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Megaphones to Whispers: How Recruitment Marketing Became Soft Sell

Megaphones to Whispers: How Recruitment Marketing Became Soft Sell

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Megaphones to Whispers: How Recruitment Marketing Became Soft Sell

Shouty marketing might work for double-glazing sales, but recruitment marketing has adopted a softer approach over recent years. In the age of data privacy regulations, our hyper-connected society has grown weary of megaphone marketing and surveillance tactics, and the ability to earn attention has become paramount. This blog explores these changes and how they affect recruitment marketing strategies. 

Big Brother is targeting you

This shift aligns with the concerns raised by Shoshana Zuboff in her seminal work, ‘The Age of Surveillance Capitalism’, where she critiques the manipulative tactics employed by data-hungry corporations. Similarly, in "Tools and Weapons: The Promise and the Peril of the Digital Age," Brad Smith underscores the need for a responsible approach to technology, acknowledging its power in shaping consumer behaviour.

A recent US ban on social media apps for children under 14 in March 2024 highlights the erosion of trust in traditional advertising methods, particularly those that exploit vulnerability. There is greater demand for data protection and user experience, and the recruitment sector must follow suit by providing a more respectful and transparent approach.


RIP broadcast marketing and passive candidates

Recruitment agencies have employed a barrage of tactics for decades, including generic job boards, cold calls, and mass emails. These tactics rely on quantity rather than quality, casting a wide net to grab attention in the hope of catching a few fish. But these tactics can be an unwanted career distraction, and candidates have become adept at swimming through the net.  


The rise of the attention economy

Many companies, particularly tech giants, have transitioned from selling jobs to selling information gathered about candidates through sophisticated online tracking and profiling. 

This information has fueled an explosion of targeted recruitment advertising, bombarding candidates with job postings that feel eerily specific to their skills and interests. This excessive targeting can make them weary of being tracked and pigeonholed, creating a backlash against intrusive data collection and targeted advertising.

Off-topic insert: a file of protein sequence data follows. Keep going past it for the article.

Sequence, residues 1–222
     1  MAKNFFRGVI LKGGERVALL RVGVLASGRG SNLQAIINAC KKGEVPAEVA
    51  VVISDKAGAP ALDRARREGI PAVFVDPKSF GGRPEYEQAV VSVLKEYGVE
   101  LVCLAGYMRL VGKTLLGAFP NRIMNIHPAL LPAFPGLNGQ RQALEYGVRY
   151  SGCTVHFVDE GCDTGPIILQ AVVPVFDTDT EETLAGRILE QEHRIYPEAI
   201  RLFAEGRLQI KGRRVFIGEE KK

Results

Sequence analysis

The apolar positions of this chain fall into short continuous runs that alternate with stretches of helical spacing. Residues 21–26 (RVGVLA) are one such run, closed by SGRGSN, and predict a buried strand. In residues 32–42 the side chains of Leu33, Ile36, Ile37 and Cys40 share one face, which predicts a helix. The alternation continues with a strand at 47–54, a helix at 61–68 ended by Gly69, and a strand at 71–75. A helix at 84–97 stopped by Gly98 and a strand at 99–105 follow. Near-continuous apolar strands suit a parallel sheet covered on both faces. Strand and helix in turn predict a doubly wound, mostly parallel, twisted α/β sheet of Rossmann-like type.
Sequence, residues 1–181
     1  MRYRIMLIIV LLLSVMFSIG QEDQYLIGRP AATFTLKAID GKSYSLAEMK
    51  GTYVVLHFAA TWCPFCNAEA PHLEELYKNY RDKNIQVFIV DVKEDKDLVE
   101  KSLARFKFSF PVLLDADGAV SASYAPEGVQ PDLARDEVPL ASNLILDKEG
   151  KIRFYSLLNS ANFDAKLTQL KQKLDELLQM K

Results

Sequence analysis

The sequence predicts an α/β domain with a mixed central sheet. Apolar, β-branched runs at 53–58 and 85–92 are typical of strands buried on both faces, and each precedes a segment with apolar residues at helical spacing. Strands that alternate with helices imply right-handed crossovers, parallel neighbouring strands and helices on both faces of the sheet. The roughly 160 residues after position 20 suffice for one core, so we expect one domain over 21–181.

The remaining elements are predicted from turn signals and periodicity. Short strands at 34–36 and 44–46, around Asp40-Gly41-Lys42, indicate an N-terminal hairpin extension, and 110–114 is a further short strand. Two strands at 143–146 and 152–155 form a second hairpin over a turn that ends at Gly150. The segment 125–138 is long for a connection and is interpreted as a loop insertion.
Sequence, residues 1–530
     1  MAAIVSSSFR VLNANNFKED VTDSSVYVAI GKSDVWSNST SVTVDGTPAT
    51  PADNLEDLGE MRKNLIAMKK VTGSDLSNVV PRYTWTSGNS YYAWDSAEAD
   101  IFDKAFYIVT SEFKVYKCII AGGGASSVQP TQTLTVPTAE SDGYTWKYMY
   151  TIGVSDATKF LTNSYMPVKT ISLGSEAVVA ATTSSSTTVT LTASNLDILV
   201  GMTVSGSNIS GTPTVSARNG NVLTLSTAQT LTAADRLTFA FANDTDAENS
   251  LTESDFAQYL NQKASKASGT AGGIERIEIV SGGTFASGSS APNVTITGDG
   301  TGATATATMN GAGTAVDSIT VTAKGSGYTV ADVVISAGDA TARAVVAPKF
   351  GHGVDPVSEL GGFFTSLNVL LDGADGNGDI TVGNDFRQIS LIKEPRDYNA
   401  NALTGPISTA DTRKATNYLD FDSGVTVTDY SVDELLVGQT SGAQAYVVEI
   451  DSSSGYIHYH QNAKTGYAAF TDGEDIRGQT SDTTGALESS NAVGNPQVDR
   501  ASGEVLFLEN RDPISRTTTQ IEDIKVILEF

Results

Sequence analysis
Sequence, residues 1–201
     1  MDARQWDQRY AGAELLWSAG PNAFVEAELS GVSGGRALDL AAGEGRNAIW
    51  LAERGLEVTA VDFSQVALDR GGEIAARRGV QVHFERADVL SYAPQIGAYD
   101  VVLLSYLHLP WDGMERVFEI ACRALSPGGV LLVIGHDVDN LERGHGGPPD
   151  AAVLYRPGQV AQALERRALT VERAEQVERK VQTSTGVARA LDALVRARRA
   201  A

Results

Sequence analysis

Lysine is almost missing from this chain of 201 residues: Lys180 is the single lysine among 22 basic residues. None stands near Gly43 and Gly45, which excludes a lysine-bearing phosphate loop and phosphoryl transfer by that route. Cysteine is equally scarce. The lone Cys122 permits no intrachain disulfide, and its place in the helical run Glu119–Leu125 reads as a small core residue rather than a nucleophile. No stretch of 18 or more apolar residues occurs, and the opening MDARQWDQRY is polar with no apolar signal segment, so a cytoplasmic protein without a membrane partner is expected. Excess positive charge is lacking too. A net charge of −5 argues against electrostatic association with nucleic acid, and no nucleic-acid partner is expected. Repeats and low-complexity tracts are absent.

However, when used appropriately, data-driven marketing can provide customers with personalised messaging without feeling intrusive. And that's the sweet spot recruiters should be aiming for. 


Privacy regulations and power shifts

to stricter data privacy regulations in the UK and worldwide. The introduction of GDPR and the proposed Data Protection and Digital Information Bill are just two examples of this regulatory shift to respect greater privacy. These laws empower candidates with greater control over their data, allowing them to opt out of targeted advertising and data collection practices.


Earning attention and the best talent pools

Recruitment agencies must swap intrusive tactics for a more privacy-conscious approach to attract the best candidates. This marketing necessitates a more passive approach focusing on earning attention rather than forcing it. Here are some key strategies recruitment agencies are employing:

  • Content marketing: Creating valuable and informative content that resonates with target audiences is crucial. This could involve blog posts such as career advice articles, informative infographics on salary trends, or engaging videos showcasing company culture.
  • Building relationships: Marketing is no longer a one-way street. Candidates and businesses crave authenticity and transparency. Building genuine relationships with them through social media interactions, fostering a solid employer brand, and providing career resources demonstrates genuine interest and builds trust.
  • Data-driven insights with respect: While broad targeting is no longer viable, responsible data analysis can still be a valuable tool. By focusing on anonymised data and aggregate trends, agencies can gain insights into candidate preferences for skills, company culture, and career paths without infringing on privacy.
  • Personalisation with opt-in: When done correctly, personalisation can enhance the candidate experience. However, the keyword is 'opt-in'. Candidates should have complete control over the data used to personalise their job searches and interactions with the agency.
  • Focus on candidate experience: In a hyper-connected world, candidates have countless choices. Recruitment agencies must create exceptional user experiences across all touchpoints, from their websites and social media interactions to the application process and candidate communication.
  • Transparency and trust: Building trust is essential in this new era. Agencies that prioritise transparency about data collection practices demonstrate a commitment to responsible recruitment practices. A genuine respect for candidate privacy can help attract the best talent and build robust candidate relationships.

Quality content is Queen

The age of megaphone marketing is dead, and candidates now want something in return for their attention. That's why quality content is essential in any successful recruitment marketing strategy. Get the content right, and they will come. 


For more information and advice about your marketing strategy, contact Marmalade Marketing

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